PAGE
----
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kamakazi wrote:So...a bit late to the party.
I do not believe electric cars are the answer that people make them out to be.
Many people think they are but I'm going to put forward some thoughts/observations that will hopefully open your eyes.
The zero emissions story.
Used as a marketing tool. The reality is that they do require more carbon emissions in their production than ICE (internal combustion engines). What most won't tell you is that the carbon emissions have the potential to continue after production. It all depends on what is utilised to generate the electricity that goes into the vehicle. There are still coal powerplants in operation around the world as well as natural gas powerplants. Charging your vehicle with energy generated by fossil fuels will still have harmful emissions... It has simply moved from the vehicle to the powerplant.
Energy efficiency story. Most people believe that their electric cars are more energy efficient than there ICE counterparts. That is true but it ignores the entire picture; and if you take it into consideration it appears to be far less or at it's best on par or very close with ICE.
So locally we use natural gas for electricity generation. Combination gas turbines with exhaust heat recovery have a total thermal efficiency of about 60%. Transmission efficiency is about 80%. Charging the batteries in an electric vehicle has an efficiency of about 80%. The Conversion of energy from batteries to motive force (inclusive of Regen braking) is 80% efficient.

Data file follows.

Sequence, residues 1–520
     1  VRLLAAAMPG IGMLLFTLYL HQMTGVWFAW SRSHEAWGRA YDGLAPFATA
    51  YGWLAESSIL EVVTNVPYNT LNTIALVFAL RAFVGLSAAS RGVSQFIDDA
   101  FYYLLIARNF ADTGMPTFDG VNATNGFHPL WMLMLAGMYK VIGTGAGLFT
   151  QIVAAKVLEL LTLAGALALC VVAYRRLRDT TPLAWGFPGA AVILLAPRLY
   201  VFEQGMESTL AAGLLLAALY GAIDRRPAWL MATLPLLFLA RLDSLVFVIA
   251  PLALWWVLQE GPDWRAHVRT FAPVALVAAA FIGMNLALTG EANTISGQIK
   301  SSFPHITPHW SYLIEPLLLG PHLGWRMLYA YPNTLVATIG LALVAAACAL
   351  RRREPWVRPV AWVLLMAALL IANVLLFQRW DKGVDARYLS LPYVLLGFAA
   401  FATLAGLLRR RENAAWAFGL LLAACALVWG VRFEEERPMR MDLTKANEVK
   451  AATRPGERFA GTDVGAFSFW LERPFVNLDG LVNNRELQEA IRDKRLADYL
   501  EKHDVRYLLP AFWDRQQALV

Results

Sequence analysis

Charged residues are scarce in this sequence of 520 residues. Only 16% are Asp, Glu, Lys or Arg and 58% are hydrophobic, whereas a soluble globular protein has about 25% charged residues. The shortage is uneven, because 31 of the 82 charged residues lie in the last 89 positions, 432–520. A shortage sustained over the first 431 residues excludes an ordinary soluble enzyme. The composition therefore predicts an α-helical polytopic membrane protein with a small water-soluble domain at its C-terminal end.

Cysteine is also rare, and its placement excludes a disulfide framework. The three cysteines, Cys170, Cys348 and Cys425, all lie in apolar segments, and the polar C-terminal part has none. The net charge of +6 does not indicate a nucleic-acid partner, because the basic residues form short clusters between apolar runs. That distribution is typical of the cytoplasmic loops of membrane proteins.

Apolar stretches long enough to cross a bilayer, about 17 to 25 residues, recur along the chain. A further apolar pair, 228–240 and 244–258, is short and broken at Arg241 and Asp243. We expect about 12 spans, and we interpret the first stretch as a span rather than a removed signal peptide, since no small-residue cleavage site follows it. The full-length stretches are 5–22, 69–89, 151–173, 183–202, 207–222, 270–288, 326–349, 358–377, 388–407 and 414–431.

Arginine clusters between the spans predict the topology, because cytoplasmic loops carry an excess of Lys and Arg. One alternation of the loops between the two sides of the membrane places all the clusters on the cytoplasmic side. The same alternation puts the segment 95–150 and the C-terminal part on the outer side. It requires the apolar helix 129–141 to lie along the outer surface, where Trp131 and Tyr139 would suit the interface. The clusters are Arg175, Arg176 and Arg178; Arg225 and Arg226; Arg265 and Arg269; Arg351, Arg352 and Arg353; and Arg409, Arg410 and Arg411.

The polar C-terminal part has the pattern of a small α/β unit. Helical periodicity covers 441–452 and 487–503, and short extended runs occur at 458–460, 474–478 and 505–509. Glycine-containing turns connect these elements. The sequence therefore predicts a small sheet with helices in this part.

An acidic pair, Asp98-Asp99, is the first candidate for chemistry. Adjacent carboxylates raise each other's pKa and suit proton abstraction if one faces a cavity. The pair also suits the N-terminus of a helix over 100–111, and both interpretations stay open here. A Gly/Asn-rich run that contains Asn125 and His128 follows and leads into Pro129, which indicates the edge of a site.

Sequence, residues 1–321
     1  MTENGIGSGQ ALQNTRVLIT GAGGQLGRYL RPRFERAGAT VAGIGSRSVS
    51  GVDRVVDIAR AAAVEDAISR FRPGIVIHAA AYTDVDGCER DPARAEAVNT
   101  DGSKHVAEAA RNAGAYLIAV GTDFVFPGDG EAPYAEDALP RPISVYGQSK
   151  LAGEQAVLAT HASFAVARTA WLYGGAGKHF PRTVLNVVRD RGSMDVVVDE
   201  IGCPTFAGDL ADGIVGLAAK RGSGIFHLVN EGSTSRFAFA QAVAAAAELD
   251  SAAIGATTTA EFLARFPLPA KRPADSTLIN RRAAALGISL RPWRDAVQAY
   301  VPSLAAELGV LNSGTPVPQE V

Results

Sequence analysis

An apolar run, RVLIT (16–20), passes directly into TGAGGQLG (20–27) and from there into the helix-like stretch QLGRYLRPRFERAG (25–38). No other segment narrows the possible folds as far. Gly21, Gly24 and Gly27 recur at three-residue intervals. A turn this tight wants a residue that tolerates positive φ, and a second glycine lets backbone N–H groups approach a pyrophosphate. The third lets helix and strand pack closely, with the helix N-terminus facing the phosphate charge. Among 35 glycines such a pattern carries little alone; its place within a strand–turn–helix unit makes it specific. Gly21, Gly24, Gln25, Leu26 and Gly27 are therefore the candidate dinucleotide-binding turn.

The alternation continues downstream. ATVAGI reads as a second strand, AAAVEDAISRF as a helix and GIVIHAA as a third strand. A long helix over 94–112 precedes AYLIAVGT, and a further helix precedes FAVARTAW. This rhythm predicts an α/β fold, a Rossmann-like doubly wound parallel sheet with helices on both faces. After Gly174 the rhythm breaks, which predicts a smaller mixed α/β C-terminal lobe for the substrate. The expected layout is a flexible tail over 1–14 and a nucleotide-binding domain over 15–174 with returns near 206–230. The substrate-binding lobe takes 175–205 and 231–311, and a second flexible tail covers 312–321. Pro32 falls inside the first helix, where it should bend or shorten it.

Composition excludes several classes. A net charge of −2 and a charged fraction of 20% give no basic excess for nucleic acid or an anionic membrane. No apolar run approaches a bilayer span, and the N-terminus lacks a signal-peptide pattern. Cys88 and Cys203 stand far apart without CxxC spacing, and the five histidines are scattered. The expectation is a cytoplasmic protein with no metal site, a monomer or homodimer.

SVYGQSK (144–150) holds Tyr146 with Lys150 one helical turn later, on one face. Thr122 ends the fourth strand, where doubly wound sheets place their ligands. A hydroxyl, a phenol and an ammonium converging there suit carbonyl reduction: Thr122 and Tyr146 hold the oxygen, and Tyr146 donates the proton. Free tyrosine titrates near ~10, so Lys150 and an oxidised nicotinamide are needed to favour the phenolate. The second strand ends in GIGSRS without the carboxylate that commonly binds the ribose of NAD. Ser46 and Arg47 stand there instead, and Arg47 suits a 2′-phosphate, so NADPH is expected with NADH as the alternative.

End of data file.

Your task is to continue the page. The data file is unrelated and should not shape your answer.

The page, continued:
Total system efficiency is down to ~ 31% for electric vehicles. I will admit this calculation is a bit crude but it takes all things into consideration. This figure is even worse if it is a straight gas turbine system without heat recovery. Those have a thermal efficiency of about 30%; if this value is used instead the total system efficiency is now ~ 15%
Have more to write and will edit when I get the chance
As much as I don't like nuclear... Can't turn a blind eye to the facts stated; and you need a holistic view on all factors when making a decision.
Hydro is out in Trinidad
Solar is only dependable when the sun is out. The panels are usually constructed with heavy metals and carcinogenic chemicals which aren't easily handled or disposed.
Wind needs land space and is also inconsistent.
Wave; depends on wind actually
All these are not energy dense.
My thinking is to not create more problems in coming up with solutions.
wildeapache1 wrote:Hello everyone. What local companies currently offer electric cars (not hybrid) for sale and what models are currently registered (on the road) in TnT?
kamakazi wrote:Can our grid handle the additional load of electric vehicles.
I seem to disagree this is Trinidad where ppl have a vehicle for each person in the house hold so more than likely that will be a minimum of 3 vehicles charging overnight. We bringing in electric vehicles but we have no infrastructure for such.justfred wrote:kamakazi wrote:Can our grid handle the additional load of electric vehicles.
I don't think the grid will be a major issue (but it is Trinidad after all).
Charging and EV will be similar to running your air conditioning unit, electric water heater or electric stove.
The challenge that I see in some places is where several households in the same area have electric vehicles and everyone wants to charge at the same time they are running the heating and cooking on an electric stove.
In some countries they are now requiring load balancing equipment and/or smart home chargers to be installed.
hover11 wrote:I seem to disagree this is Trinidad where ppl have a vehicle for each person in the house hold so more than likely that will be a minimum of 3 vehicles charging overnight. We bringing in electric vehicles but we have no infrastructure for such.
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